Barry Foote

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Barry Clifton Foote

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Biographical Information[edit]

Catcher Barry Foote played a decade in the majors, initially showing much promise but ending his career as a journeyman.

Foote was selected by the Montreal Expos in the first round of the 1970 amateur draft with the third overall pick. He made his pro debut that summer with the GCL Expos, hitting .266 with 3 home runs in 46 games. In 1972, he hit .253 with 16 homers for the AA Quebec Carnavals, and he posted a .262 average to go along with 19 home runs for the AAA Peninsula Whips the following summer. This earned him a September call-up to Montreal in 1973, and he went 4-for-6 in 6 appearances as a pinch hitter.

Foote was installed as Montreal's starting catcher in 1974, hitting .262 with 11 home runs, and was named to the 1974 Topps All-Star Rookie Team. He also led the National League in sacrifice flies that first season. His solid play caused the Expos to shift another young catcher, Gary Carter, to right field when he came up in 1975, but Foote's performance diminished over the following two seasons. New Expos manager Dick Williams picked Carter as his starting catcher prior to the 1977 season, relegating Foote to the bench.

Traded to the Philadelphia Phillies during 1977, Foote became a seldom-used backup catcher behind Bob Boone and Tim McCarver (the latter was used as the "personal catcher" for Steve Carlton). Dealt to the Chicago Cubs in 1979, he had one more solid season (.254, 16 home runs) but spent the next year splitting time behind the plate with Tim Blackwell. In early 1981, he was traded to the New York Yankees for Tom Filer. He saw limited playing time with the Yankees as a backup to Rick Cerone but made one appearance in the 1981 World Series, striking out in Game 4 against Steve Howe of the Los Angeles Dodgers. He finished his career with the Yankees in 1982.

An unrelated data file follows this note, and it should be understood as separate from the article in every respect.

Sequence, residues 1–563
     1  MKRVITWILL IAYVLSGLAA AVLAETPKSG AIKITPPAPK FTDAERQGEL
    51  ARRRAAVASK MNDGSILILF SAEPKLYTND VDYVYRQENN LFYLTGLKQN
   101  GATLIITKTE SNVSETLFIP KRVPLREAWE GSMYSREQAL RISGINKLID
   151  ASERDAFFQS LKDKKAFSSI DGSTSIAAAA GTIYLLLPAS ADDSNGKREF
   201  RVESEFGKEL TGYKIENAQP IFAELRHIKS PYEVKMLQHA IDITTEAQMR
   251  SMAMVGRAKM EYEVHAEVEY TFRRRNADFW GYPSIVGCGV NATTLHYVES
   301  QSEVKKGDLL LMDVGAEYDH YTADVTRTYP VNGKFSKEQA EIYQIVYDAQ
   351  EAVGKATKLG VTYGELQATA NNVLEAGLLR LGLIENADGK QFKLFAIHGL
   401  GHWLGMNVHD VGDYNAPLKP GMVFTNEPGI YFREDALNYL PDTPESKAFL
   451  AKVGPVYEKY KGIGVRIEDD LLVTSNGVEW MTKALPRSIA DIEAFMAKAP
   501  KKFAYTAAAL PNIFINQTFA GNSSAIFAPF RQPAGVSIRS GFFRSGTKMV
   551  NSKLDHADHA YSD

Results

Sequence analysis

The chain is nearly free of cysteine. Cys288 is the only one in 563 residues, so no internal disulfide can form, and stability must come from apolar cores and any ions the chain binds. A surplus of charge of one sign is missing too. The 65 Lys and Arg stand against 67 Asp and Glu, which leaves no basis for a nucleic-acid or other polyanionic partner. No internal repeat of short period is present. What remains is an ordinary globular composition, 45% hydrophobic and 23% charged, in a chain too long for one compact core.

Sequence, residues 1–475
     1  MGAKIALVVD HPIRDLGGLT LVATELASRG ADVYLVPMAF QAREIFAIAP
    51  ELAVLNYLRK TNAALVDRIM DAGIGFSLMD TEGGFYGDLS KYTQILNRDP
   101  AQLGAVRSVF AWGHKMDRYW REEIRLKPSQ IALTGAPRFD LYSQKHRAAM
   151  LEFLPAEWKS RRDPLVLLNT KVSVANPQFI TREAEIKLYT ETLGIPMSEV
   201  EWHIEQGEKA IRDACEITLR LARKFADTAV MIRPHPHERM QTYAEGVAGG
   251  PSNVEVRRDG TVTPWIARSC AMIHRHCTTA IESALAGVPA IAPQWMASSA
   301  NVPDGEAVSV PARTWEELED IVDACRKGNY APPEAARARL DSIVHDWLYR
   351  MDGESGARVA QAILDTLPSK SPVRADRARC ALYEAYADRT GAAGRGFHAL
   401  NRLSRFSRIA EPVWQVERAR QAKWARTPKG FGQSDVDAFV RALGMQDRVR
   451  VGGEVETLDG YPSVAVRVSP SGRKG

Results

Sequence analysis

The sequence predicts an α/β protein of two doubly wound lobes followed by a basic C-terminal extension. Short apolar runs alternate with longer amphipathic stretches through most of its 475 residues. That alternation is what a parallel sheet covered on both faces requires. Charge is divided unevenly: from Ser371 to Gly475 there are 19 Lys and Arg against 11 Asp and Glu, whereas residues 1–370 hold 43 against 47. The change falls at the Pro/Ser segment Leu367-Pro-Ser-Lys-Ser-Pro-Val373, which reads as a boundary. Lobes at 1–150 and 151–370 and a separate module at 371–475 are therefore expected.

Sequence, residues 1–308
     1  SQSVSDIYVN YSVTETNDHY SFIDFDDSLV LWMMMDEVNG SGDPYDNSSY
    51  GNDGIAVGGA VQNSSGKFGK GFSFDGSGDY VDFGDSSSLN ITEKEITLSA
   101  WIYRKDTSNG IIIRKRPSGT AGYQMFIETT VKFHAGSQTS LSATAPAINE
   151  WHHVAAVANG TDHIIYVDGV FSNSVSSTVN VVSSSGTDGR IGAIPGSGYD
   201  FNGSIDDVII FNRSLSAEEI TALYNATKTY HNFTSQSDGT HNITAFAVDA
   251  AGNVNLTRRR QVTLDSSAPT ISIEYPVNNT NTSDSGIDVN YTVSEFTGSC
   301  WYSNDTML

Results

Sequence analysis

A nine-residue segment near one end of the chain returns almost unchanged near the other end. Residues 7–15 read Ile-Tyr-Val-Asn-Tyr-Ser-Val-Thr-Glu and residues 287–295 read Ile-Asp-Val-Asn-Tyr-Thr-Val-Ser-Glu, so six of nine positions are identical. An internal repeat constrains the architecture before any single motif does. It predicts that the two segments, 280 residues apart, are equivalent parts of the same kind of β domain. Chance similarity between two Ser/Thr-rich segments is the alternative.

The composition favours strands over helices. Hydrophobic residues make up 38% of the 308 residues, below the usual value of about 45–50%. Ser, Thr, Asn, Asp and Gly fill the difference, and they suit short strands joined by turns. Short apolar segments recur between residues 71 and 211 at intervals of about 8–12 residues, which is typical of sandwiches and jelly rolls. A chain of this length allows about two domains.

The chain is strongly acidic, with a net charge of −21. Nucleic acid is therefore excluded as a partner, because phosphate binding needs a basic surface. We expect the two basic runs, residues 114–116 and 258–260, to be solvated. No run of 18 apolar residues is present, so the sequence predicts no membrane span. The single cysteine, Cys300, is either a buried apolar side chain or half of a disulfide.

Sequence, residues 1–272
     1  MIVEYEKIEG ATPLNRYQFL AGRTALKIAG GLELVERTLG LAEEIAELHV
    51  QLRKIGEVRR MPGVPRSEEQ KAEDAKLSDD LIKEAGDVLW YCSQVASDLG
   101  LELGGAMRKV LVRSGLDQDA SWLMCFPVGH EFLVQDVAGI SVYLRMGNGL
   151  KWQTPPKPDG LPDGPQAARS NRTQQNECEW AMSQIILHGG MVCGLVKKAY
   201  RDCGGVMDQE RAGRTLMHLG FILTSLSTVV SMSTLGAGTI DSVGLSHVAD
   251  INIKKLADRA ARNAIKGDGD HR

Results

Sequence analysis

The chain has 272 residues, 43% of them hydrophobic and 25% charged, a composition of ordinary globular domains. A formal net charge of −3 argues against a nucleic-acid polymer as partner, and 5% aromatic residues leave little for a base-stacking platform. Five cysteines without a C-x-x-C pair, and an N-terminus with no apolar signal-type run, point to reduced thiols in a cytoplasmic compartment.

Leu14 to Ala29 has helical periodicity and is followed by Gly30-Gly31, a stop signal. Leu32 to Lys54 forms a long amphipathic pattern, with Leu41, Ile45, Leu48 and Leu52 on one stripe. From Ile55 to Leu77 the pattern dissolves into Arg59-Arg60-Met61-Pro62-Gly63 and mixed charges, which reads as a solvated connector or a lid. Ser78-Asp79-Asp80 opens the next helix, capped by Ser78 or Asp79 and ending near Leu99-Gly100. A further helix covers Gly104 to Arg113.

After retiring, Foote became a minor league manager for the Yankees and the Toronto Blue Jays. Later, he was a Chicago White Sox coach in 1990 and 1991 and a member of the New York Mets staff in 1992 and 1993.

Foote's father, Amby Foote, was a minor league pitcher (1948-1951, 1953-1954), and his son, Derek Foote, was also a minor leaguer.

Notable Achievements[edit]

Minor League Managing Record[edit]

Year Team League Record Finish Organization Playoffs
1984 Ft. Lauderdale Yankees Florida State League 74-68 5th New York Yankees League Champs
1985 Albany-Colonie Yankees Eastern League 82-57 1st New York Yankees Lost in 1st Round
1986 Columbus Clippers International League 62-77 6th New York Yankees
1987 Myrtle Beach Blue Jays South Atlantic League 83-56 2nd Toronto Blue Jays League Champs
1988 Knoxville Blue Jays Southern League 75-69 4th Toronto Blue Jays
1989 Knoxville Blue Jays Southern League 67-76 8th Toronto Blue Jays

Related Sites[edit]